By Ron Mori[dropcap]M[/dropcap]ore than six million people in the United States suffer from various types of dementia, including Alzheimer’s disease, and sadly, those numbers are growing at an alarming rate. If you are a millennial reading this article, in just 12 years, the first millennials will be turning 49. Gen Xers will begin turning 65, and the first boomers will be turning 84 — an age at which dementia is most prevalent. By 2030, there are projected to be 82 million people suffering from dementia according to the World Health Organization.
Yes, it’s time to understand some facts and myths around dementia.
Last month, AARP released findings from a study to explore the level of awareness of facts and myths about Alzheimer’s disease and dementia among adults age 18 and older. More than nine in 10 (92 percent) adults believe that Alzheimer’s disease is a serious problem in our country today, and two-thirds (68 percent) of adults said they know someone who has had Alzheimer’s disease or dementia or another disease causing cognitive decline.
Despite this high level of exposure to dementia and other diseases affecting cognitive ability, awareness of some key characteristics of these conditions is sometimes low.
Here are some common perceptions and misperceptions:
A majority (61 percent) of adults know that “dementia” and “Alzheimer’s disease” are not interchangeable terms for the same disease.
Dementia is not a mental illness, but nearly six in 10 (59 percent) adults age 18 and older believe it is.
Three-quarters (75 percent) of adults believe that memory loss is a normal and natural part of aging.
While it is normal for aging adults to forget a name or date, this type of information is typically recalled later; however, it is not normal to forget where you live, for example.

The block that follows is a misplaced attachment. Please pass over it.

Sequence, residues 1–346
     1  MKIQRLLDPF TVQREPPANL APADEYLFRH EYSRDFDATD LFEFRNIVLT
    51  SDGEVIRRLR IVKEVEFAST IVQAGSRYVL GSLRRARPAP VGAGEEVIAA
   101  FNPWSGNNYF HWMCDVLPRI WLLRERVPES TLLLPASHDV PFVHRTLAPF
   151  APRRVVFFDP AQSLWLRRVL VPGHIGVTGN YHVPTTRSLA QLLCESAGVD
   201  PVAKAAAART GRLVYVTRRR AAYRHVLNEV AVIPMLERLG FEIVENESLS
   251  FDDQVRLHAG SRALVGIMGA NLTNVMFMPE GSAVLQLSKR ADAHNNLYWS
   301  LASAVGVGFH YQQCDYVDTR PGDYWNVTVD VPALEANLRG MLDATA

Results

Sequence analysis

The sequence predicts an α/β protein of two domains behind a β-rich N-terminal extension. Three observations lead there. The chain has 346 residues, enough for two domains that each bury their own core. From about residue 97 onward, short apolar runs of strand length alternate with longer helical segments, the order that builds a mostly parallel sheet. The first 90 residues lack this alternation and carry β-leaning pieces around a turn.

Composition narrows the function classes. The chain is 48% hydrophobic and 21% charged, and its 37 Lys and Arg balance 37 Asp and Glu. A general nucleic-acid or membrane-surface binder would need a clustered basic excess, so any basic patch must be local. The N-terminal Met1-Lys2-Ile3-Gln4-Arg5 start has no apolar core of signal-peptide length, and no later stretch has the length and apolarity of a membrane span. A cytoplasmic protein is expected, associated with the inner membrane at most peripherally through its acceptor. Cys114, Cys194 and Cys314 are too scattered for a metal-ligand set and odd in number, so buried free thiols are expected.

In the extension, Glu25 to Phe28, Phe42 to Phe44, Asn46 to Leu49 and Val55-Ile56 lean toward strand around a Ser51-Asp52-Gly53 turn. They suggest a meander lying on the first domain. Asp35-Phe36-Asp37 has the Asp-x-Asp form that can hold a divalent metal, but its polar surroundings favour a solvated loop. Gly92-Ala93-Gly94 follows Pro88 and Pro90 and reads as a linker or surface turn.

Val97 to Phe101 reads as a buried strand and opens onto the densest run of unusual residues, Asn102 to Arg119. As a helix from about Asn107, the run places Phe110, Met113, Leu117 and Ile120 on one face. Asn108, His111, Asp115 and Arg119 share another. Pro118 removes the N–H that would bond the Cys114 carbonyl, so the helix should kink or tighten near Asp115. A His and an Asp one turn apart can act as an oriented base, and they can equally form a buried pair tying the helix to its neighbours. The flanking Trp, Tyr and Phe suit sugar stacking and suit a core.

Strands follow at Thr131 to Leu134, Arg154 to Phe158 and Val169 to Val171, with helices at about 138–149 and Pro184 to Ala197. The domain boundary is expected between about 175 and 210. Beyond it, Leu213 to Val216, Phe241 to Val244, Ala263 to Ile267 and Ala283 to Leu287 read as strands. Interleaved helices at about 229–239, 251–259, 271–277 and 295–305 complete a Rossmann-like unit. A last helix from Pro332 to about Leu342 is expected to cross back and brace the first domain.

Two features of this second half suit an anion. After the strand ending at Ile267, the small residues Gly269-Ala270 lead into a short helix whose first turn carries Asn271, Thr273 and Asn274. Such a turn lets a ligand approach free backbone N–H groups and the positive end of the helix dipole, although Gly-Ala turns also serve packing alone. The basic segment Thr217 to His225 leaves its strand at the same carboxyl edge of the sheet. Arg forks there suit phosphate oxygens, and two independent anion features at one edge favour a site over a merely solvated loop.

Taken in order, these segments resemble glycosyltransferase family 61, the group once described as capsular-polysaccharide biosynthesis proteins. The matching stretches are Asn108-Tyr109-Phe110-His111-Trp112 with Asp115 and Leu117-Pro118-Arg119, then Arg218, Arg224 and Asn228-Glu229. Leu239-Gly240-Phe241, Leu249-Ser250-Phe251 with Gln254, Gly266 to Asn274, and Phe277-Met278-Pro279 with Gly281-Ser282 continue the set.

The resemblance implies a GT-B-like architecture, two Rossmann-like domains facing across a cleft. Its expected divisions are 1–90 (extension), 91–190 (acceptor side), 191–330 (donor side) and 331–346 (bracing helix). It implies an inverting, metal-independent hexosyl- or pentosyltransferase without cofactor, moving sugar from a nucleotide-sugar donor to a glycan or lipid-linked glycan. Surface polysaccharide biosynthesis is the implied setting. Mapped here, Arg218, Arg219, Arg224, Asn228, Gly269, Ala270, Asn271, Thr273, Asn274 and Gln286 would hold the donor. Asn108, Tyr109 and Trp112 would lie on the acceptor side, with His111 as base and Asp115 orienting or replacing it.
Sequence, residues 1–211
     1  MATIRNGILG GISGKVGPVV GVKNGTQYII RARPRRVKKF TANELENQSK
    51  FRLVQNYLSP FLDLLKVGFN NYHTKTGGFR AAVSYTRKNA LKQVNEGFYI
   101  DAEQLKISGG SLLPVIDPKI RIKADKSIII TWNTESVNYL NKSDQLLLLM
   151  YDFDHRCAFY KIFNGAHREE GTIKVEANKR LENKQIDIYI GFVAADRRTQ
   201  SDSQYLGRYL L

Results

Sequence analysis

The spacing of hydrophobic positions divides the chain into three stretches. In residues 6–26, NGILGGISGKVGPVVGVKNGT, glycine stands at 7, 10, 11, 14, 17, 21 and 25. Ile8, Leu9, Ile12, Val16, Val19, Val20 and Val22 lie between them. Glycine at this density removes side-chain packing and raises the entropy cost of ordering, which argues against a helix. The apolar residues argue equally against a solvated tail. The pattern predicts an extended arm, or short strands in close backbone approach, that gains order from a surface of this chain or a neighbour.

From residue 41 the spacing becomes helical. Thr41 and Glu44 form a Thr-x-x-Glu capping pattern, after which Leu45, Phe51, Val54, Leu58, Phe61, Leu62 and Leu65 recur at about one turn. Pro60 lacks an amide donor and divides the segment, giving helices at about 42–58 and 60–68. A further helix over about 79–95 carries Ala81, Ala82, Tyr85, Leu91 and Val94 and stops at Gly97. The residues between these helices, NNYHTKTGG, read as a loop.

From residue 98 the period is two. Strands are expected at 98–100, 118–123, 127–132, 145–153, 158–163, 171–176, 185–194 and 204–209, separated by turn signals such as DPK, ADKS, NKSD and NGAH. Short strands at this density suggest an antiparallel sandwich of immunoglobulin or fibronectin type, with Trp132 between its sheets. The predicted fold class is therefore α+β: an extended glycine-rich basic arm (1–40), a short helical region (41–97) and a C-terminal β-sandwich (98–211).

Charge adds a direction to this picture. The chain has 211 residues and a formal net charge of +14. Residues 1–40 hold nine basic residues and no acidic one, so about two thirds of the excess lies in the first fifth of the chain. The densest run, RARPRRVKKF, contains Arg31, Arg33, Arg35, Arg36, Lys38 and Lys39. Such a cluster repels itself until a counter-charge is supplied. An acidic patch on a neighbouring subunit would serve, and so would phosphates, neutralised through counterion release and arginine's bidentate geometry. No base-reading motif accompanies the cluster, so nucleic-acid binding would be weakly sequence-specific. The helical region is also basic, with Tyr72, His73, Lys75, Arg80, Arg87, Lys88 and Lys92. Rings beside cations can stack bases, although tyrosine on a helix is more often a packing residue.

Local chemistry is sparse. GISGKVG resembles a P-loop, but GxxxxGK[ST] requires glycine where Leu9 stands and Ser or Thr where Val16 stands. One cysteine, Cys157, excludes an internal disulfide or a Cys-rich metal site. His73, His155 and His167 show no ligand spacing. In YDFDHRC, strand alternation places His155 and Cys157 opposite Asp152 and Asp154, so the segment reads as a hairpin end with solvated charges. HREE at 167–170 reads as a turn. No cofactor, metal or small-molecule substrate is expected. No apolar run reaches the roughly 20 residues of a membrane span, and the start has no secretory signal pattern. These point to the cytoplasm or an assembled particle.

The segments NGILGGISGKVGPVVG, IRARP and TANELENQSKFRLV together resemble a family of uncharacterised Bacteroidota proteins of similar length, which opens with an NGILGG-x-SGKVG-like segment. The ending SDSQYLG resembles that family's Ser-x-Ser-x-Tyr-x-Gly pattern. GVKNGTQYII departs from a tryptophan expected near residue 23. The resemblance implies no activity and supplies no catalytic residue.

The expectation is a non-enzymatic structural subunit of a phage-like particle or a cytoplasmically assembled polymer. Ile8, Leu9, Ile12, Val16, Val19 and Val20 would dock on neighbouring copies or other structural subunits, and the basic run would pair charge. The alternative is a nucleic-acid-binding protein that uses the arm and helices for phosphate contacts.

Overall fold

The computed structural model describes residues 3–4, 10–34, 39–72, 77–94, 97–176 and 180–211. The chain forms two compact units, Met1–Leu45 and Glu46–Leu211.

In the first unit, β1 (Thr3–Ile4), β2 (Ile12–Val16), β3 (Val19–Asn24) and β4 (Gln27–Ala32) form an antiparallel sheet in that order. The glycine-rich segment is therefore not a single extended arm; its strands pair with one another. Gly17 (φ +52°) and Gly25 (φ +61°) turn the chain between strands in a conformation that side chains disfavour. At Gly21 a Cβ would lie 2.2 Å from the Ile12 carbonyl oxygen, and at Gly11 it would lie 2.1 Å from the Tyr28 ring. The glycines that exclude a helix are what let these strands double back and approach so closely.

Here are some facts about the diagnosis and treatment of Alzheimer’s and dementia:
Relatively few adults (36 percent) have been asked questions about their cognition during a check-up with their doctor. A higher percentage (44 percent) of adults age 65 or older have been asked.
Nearly half (49 percent) of adults incorrectly believe that treatments are available to slow or stop the progression of Alzheimer’s disease.
Two-thirds (67 percent) of adults age 18 and older incorrectly believe Alzheimer’s disease can be diagnosed with a single test. In fact, diagnosis is a multistep process.
Dementia also takes a devastating emotional, financial and physical toll on the families of those who are diagnosed with these ailments. In 2016, nearly 16 million family members and friends provided more than 18 billion hours of unpaid caregiving assistance to those with Alzheimer’s and other types of dementia.
While research is underway to find treatments and a cure, AARP offers resources and tools on its website for the 16.1 million Americans who care for people living with dementia.
AARP works to improve the communities in which people with dementia and their caregivers live by working with leaders and local governments across the U.S. to adopt “age-friendly” guidelines and develop resources.
AARP also founded the Global Council on Brain Health to help people strengthen their brain health and minimize their risk of dementia. And, AARP is part of the National Advisory Council for Dementia Friendly America.
To access information available to family caregivers, visit: https://www.aarp.org/caregiving/care-guides/dementia.
To join the conversation on social media, use AARP’s official campaign hashtag, #DisruptDementia.
Ron Mori is a member of the Washington, D.C., JACL chapter and manager of community, states and national affairs — multicultural leadership for AARP.